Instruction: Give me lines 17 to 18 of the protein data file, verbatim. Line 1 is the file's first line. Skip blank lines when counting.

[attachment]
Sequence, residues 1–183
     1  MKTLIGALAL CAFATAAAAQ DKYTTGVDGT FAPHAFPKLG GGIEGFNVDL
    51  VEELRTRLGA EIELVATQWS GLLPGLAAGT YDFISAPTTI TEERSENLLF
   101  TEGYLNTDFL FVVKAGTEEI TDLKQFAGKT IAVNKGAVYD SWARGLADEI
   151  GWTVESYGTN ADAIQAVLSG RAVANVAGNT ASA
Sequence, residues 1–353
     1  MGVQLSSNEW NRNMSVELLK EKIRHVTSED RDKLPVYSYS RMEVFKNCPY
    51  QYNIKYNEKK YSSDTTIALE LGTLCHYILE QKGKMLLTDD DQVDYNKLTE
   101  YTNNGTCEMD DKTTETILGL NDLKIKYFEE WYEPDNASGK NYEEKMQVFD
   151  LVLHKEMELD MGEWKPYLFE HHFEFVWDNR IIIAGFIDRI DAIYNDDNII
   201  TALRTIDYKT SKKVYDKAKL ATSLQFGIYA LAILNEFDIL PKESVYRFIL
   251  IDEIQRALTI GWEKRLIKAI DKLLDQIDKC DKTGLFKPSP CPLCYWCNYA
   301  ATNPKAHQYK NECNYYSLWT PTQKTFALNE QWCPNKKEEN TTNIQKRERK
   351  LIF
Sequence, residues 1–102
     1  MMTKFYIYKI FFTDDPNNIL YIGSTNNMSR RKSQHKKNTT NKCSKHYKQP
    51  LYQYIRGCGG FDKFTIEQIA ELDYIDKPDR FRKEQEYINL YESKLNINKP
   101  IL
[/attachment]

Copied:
    51  LYQYIRGCGG FDKFTIEQIA ELDYIDKPDR FRKEQEYINL YESKLNINKP
   101  IL